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Kyoto ware individual serving bowl in shape of sedge hat, with mark "Kiyomizu"
late 17th century

Edo period

Stoneware with iron pigment under translucent white glaze; gold lacquer repairs
H: 4.7 W: 14.3 D: 14.3 cm
Kyoto, Japan

Gift of Charles Lang Freer F1897.15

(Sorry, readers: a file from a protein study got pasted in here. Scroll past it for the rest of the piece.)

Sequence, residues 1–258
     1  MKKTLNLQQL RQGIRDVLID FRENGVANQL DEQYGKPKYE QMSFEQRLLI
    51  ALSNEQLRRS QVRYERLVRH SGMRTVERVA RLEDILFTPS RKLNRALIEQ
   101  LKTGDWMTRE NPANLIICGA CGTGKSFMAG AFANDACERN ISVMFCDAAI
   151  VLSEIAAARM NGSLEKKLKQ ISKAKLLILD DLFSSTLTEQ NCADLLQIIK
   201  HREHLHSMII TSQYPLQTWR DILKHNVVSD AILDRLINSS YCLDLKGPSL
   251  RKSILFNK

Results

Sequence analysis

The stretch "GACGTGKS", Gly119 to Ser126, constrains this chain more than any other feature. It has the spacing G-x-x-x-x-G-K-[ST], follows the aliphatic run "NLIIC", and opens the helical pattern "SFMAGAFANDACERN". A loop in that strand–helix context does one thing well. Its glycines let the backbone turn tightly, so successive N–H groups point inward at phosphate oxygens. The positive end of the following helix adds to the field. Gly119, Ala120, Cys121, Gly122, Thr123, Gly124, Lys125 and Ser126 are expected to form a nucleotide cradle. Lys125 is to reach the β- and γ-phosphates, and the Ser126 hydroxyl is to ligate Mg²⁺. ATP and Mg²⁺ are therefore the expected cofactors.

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This ceramic bowl takes the form of a common and inexpensive hat made of the marsh grass sedge. Cobalt lines suggest the hat's coarse woven texture. Such hats not only protected wearers from the sun but also disguised those who did not wish to be recognized, especially men on their way to the pleasure quarters. (Shops at the entrance to Kyoto's entertainment district sold hats specifically for that purpose.) In sophisticated Kyoto, a bowl of this shape would have lent an amusing note to a meal served in a tea house. Alternatively, if the bowl were used for a summer meal, the associations of shape and material might have been merely seasonal. Sets of bowls in this shape were enduringly popular in the repertory of Kyoto ceramics.

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